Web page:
As I mentioned, the freshly stocked fish seemed to be congregating in the deepest part of the pond while the sun was still high (an overcast day would have been better). I only caught five in the first hour, usually after the fly had sunk about three feet. As soon as the sun was setting the trout seemed to spread out and start surface feeding. I caught ten in that final hour. A total of fifteen in a couple hours, with about four or five "long-distance-releases" provided some fun, excitement, and peace for my psyche. And the trout were pretty considering they were hatchery raised. They were healthy, in the nine to ten inch range, and most were heavily spotted. Their pectoral fins were intact, indicating that they weren't too overcrowded or aggressive in the hatchery (often hatchery trout bite each other in crowded conditions resulting in damaged or missing pectoral fins).

A combination of a natutal and man-mnade beauty
Typical catch of the afternoon
All in all, a good afternoon away from the office despite the somewhat crowded conditions. Maybe next time up I'll look for an early morning trip. Those of you that have been waiting for the trout stocking will be pleased to read this blog as evidence of the stocking. Tight lines for you all.

Wild mare and her foal

November 11, 2011

Cold Creek Pond, Clark County

Glass smooth Cold Creek pond reflecting
Trout Truck and juniper under a snow dusted mountain
I suppose I should have called the hatchery number to check on the timing of the fall stocking program. But, had I called and been told that it hadn't been stocked yet I might not have gone to Cold Creek. And although it turned out that it wasn't stocked, and I'm glad I went "blind" to discover that on my own.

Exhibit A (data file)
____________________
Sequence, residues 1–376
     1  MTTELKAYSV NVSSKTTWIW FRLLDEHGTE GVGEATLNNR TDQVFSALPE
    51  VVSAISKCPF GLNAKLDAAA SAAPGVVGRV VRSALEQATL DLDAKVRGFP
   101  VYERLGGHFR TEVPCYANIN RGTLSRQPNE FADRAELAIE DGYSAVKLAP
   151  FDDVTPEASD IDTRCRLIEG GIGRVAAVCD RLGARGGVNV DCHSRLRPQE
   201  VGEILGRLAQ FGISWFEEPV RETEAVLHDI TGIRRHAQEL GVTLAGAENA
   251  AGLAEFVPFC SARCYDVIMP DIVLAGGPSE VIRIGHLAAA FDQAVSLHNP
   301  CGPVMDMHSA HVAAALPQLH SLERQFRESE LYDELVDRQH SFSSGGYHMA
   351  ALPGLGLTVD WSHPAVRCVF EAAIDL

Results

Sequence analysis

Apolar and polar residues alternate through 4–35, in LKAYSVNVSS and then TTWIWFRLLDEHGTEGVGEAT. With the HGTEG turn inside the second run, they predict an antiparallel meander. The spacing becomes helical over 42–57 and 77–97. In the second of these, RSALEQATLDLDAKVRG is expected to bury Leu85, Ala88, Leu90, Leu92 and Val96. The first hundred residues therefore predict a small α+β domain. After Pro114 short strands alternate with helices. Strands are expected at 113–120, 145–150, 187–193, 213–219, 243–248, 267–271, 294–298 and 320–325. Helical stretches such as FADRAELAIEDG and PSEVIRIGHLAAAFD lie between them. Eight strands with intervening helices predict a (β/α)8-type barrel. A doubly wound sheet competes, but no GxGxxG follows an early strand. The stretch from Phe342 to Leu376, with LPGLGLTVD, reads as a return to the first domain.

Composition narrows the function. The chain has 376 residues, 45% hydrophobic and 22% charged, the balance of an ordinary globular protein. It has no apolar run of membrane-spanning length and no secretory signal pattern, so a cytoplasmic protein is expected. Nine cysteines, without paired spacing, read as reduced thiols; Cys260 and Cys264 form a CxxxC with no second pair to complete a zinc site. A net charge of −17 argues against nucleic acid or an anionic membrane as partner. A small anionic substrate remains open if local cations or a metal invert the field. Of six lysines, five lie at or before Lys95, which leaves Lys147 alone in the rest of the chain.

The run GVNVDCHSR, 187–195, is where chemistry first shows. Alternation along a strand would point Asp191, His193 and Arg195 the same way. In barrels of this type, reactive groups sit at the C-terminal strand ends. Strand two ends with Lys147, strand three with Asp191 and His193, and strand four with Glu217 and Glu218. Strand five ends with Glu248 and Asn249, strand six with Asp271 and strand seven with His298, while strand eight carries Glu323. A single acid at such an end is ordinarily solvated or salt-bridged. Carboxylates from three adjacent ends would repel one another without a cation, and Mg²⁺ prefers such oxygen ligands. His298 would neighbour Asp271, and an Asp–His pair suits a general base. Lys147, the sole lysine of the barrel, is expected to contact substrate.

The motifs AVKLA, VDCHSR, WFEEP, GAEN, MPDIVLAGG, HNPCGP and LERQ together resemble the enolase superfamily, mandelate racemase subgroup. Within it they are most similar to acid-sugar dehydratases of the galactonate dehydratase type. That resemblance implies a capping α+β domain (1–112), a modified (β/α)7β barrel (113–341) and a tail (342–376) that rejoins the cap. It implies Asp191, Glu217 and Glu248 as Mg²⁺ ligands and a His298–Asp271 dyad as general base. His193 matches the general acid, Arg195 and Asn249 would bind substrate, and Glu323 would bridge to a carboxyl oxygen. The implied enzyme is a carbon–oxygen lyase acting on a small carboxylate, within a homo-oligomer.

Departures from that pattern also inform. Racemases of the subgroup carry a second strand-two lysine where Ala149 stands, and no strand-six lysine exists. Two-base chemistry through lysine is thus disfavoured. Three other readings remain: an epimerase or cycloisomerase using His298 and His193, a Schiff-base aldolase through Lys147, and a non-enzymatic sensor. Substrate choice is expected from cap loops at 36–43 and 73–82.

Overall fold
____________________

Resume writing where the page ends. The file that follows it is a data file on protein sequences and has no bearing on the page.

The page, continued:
More Cold Creek Pond reflections
It seemed like a great day to go. The heavy overcast was a good premonition.  The winds were calm, very calm, and the water was low but still draining through the discharge pipes.  It was so still and clear that I could see the detail of the weed beds throughout.  I could also see nary a trout anywhere. 
West end of pond, looking east
But still I cast about with my favorite light fly rod, searching for evidence of at least one summer holdover trout.  Nothing. 
Details of the 4-weight rod and Orvis CFO reel
I practiced casting with my fine, light rod.  Enjoyed the company of two wild horses, and snapped a few pictures of my favorite hand-made fly rod. God is good, always. 
Fly rod in the pond
I will admit that I had another reason for the early morning trip.  Several sisters and brothers from my church small group are going through tough times, some physical, some spiritual.  I needed to pray for them, for the Lord’s strength that they may endure, persevere, and triumph over these worldly tribulations; spiritual warfare battles, that’s what they really are. Driving thirty-five minutes each way, with the radio/CD off, was filled with prayers. 
Nickel silver and cedar spacer reel seat details
My son Brian has come to record cover songs of his favorite Christian artists.  I find it no coincidence at all that he recorded his cover of Matthew West’s “Strong Enough” just a day ago.  West based the lyrics on the troubles of a young mother, but also on Philippians 4:13 – “I can do everything through Him who gives me strength.  How often we need reminding that while we are weak and broken, He is strong enough.     
Happy and blessed angler